Pokémon Sword and Shield - The Crown Tundra Reviews
The Crown Tundra is more than just a small expansion with a slightly expanded pokédex and a brand new legendary to catch. This is one hell of a meaty campaign with some interesting puzzle-solving mechanics, a labyrinthine map to explore, tons of returning legendaries, and a roguelike mode that is way more addictive than it should have ever been. Whereas The Isle of Armor felt too short and undercooked, The Crown Tundra is absolutely worth buying if you own Sword or Shield.
All in all, I think The Crown Tundra is the better of Pokémon Sword and Shield's two expansions. It's yet another step forward over improving the Wild Area, so much so that I think it could serve as a really good foundation for creating a full open-world Pokémon title. It's not without its faults, but I haven't been able to stop playing since I started it and don't see myself voluntarily letting up any time soon.
Pokemon Sword and Shield: The Crown Tundra isn’t exactly big on the story, but the way it focuses on exploration encapsulates Pokemon’s pure essence. It’s about exploring new places, making new discoveries, hunting down monumental beings, and doing it all with friends. Combine this with the Isle of Armor, and I feel this DLC is well worth the admission price.
A much welcome expansion for Pokémon Sword and Shield that introduces two, very well-designed areas, brimming with Pokémon to catch. Perfect for fans of the games, but likely won’t change the minds of others.
Pokémon Sword and Shield: The Crown Tundra puts your legendary monster hunting skills to the test in a fun but short-lived expansion.
A good DLC that marks the ending for the new, experimental path chosen by Game Freak and Nintendo for the Pokémon saga. The second expansion included in Shield and Sword Season Pass adds lots of contents and legendary creatures to discover in a brand new area.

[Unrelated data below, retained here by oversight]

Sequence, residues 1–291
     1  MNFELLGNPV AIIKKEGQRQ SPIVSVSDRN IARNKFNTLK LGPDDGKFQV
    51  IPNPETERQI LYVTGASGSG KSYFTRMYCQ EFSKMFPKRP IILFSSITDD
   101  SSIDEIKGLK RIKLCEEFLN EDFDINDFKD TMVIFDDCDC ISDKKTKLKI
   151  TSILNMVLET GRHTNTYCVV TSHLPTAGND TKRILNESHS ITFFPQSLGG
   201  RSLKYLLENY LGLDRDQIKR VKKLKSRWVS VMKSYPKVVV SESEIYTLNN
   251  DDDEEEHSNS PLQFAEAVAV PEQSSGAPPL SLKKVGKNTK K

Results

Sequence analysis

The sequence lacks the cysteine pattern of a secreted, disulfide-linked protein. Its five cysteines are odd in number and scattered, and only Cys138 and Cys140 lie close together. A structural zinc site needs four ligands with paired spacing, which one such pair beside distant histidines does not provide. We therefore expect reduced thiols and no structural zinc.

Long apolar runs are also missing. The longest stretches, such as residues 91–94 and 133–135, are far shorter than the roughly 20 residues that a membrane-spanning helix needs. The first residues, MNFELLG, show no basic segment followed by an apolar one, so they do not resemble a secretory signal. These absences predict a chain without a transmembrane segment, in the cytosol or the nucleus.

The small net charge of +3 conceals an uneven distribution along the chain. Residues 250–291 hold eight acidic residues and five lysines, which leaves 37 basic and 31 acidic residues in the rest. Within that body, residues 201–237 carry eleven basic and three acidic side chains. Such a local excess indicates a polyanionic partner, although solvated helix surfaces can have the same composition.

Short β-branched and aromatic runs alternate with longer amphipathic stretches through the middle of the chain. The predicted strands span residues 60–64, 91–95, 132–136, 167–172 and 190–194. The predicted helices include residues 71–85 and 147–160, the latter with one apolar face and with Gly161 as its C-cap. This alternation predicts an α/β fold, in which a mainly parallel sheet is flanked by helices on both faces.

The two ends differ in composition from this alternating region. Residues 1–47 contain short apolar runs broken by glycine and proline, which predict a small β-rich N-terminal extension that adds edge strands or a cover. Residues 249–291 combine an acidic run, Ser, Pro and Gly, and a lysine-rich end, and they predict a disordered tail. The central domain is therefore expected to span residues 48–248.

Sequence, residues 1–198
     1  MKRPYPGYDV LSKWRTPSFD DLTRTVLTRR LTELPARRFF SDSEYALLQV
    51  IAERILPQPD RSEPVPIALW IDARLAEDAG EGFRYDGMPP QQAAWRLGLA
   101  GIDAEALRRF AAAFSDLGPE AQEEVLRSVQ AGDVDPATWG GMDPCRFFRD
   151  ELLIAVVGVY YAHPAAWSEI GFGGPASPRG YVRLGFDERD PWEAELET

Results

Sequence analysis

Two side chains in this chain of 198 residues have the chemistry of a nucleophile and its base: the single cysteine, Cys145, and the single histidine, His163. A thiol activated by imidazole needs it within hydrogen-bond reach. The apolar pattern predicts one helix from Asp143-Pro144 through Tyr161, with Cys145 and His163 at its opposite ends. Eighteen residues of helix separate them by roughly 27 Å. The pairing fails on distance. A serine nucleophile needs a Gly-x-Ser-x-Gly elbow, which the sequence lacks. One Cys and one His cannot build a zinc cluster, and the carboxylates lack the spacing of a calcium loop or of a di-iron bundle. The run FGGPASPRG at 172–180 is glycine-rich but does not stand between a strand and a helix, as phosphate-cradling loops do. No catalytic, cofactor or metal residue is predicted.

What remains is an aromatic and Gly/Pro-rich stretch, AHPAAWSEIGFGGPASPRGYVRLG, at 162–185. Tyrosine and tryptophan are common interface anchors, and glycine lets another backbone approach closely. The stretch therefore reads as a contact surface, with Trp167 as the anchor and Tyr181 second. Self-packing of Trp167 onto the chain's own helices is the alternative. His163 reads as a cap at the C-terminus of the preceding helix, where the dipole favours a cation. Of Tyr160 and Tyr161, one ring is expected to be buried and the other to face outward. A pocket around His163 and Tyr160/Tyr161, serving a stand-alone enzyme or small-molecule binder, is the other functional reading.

Review in Italian | Read full review
Compared to the lackluster The Isle of Armor expansion, The Crown Tundra feels much more fleshed out with enjoyable story quests, on top of the very addictive Dynamax Adventures and Galarian Star Tournament, though there is still something missing that prevents it from taking the series to the next level.
These efforts seen in The Crown Tundra make up for the disappointment that was Isle of Armor and leaves Sword and Shield’s expansion pass off on a positive note.
Although it may come at an additional cost, Pokemon Sword & Shield's Expansion Pass has salvaged the games for this fan.
Pokémon Sword and Shield: The Crown Tundra is a solid expansion that culminates the expansion pass on a highly positive note with a slew of new features and improvements.
The new items, moves, locations and of course Pokémon add a lot to the replay value. Dynamax Adventures alone are worth the price of admission for both DLC expansions. If this is the direction that the franchise is going to take from now on, I’d say that Game Freak definitely nailed it on their first try.
Crown Tundra is the conclusion of the first expansion of the Pokémon franchise. Both Galar's extra adventures have a "test" feeling, a taste that could be a title in the main series entirely in open areas or even open world. Crown Tundra was important for having continued the evolution from this perspective, and managed to attract a greater charm in its construction than its predecessor. This first attempt was not perfect, but Crown Tundra managed to close the package with a little adventure as fun and promising as the possibilities of the future.
Review in Portuguese | Read full review